The Prefects are Amateur Wankers is the latest release from Acute Records, one of a growing number of boutique labels intent on finding and re-releasing lost artifacts from rock’s recent history. This brief collection doesn’t give much evidence as to whether or not the players actually were wankers, but it proves they were amateurs, and gloriously so. In fact, Acute’s theory is that these four hapless chaps from Birmingham inadvertently helped create and define what became known as post-punk, not out of any pre-conceived aesthetic choices but, more refreshingly, simply because of their ineptitude at playing their era’s punk rock.
The band formed in early 1977 as one of countless acts inspired by seeing the Sex Pistols’ legendary “Anarchy in the U.K.” tour. Fortunately for the Prefects, singer Robert Lloyd was well connected with some bookers. At their fifth gig, the band found itself opening for the Clash when the “White Riot” tour went through London. Despite the increased exposure, they were unable to ever secure a record deal. Within three or so years, the quartet broke up, but the members reinvented themselves later as the Nightingales and gained some critical acclaim and a little popularity.
With fittingly poor timing, Rough Trade telegrammed the band after they’d split, but it led to the band’s sole release until now, a two-song single with “Going Through the Motions” and “Things in General.” Apparently, those tracks, taken from two radio sessions, which are included in their entirety on Acute’s release, and a couple of live tracks comprise the band’s entire ten-song output.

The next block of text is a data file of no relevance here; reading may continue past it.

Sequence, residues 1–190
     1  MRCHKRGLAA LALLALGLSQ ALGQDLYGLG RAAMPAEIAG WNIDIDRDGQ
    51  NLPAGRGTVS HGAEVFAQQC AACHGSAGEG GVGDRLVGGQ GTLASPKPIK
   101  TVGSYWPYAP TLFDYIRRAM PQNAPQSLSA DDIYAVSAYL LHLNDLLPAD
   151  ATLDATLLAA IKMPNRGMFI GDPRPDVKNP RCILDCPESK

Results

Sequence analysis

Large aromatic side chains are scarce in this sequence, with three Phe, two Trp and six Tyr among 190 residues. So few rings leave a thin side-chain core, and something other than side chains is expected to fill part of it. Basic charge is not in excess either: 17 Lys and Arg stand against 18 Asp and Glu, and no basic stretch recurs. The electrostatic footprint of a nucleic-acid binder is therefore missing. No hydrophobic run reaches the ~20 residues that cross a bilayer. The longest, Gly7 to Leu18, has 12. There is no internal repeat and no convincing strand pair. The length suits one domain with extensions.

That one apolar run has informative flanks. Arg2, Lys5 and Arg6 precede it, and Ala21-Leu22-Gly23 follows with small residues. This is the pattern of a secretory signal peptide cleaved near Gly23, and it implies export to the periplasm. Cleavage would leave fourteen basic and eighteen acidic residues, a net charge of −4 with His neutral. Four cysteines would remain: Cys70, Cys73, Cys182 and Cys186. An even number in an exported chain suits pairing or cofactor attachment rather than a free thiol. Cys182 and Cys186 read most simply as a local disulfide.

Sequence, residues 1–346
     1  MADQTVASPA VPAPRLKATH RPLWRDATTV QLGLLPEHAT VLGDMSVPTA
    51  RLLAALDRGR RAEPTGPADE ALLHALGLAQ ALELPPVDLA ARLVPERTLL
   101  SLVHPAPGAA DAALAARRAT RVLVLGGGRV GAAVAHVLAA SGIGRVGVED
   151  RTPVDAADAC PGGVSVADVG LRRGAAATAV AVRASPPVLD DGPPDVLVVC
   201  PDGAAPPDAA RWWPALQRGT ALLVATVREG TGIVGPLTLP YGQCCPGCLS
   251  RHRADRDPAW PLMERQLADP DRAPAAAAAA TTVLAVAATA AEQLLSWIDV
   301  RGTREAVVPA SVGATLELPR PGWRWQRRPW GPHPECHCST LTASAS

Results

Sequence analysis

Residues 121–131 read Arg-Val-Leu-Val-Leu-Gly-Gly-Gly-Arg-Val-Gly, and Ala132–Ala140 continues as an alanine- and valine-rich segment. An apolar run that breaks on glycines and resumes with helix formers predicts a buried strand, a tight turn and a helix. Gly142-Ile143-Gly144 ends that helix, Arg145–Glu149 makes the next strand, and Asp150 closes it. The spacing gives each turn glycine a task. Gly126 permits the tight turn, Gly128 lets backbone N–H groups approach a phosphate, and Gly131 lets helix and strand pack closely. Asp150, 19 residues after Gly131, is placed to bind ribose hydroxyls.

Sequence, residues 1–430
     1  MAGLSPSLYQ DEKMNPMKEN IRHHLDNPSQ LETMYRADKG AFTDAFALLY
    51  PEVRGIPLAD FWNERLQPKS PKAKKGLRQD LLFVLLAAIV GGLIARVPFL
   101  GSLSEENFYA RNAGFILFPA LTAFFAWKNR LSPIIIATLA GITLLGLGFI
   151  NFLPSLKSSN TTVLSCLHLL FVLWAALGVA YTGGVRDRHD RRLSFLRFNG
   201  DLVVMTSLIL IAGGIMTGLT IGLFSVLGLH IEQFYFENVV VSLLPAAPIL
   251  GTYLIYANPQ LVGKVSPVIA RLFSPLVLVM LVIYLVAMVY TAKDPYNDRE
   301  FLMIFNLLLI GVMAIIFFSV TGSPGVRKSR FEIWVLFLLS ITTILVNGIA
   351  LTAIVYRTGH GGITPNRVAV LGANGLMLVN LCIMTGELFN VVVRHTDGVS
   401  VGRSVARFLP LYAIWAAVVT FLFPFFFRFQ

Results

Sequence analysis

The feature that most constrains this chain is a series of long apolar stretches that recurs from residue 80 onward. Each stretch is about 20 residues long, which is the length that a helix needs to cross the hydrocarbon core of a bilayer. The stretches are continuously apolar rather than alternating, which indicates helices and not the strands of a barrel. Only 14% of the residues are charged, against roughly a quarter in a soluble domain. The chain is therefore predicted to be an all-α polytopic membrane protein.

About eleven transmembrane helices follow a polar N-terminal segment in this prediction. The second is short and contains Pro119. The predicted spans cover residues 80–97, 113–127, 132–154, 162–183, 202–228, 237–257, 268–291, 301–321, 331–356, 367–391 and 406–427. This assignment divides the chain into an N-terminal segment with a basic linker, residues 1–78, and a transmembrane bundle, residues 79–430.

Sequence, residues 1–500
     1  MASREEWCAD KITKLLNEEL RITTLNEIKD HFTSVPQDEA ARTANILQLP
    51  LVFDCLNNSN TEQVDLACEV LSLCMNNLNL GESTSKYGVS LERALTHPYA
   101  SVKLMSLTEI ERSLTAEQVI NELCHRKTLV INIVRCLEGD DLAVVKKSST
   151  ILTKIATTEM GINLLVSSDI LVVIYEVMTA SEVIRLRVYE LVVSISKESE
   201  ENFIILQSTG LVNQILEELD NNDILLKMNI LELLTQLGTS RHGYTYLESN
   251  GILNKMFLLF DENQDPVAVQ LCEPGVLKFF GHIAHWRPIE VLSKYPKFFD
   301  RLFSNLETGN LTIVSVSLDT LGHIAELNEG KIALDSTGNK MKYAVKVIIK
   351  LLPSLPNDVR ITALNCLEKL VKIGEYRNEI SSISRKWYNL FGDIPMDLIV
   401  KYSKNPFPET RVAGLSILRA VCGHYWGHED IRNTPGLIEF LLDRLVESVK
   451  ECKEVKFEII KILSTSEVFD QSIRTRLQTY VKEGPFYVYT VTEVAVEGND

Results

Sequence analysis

The collection’s standout track is the ten-plus-minute, ominous “Bristol Road Leads to Dachau.” Quivering and unusually serious, Lloyd weaves a tale of a pub bombing with references to Hitler and concentration camps. Coupled with guitarist Alan Apperly’s prototypical scratch-y guitar and tribal drumming, the result is powerful and unsettling, sounding not unlike Killing Joke from the same period. “Going Through the Motions” achieves the same effect, and the endless and ultimately annoying repetition of the title becomes a joke unto itself (the band’s admission that the song was written solely to antagonize their audience says much about their legacy as self-proclaimed “true arseholes”).
So perhaps the evidence is there: not only were the Prefects amateurs, they actually were honest-to goodness wankers, too (an insult, by the way, bestowed upon them by Bernie Rhodes, manager of the Clash and Subway Sect, after a particularly ramshackle performance). They also rapidly accelerated from being garden-variety punks to being a band that experimented with sounds, structure and influence. They were a band that, like so many others, suffered in total obscurity for nearly thirty years. This historically important document is commendable in all respects. And maybe, just maybe, the Prefects might get some respect for once, too.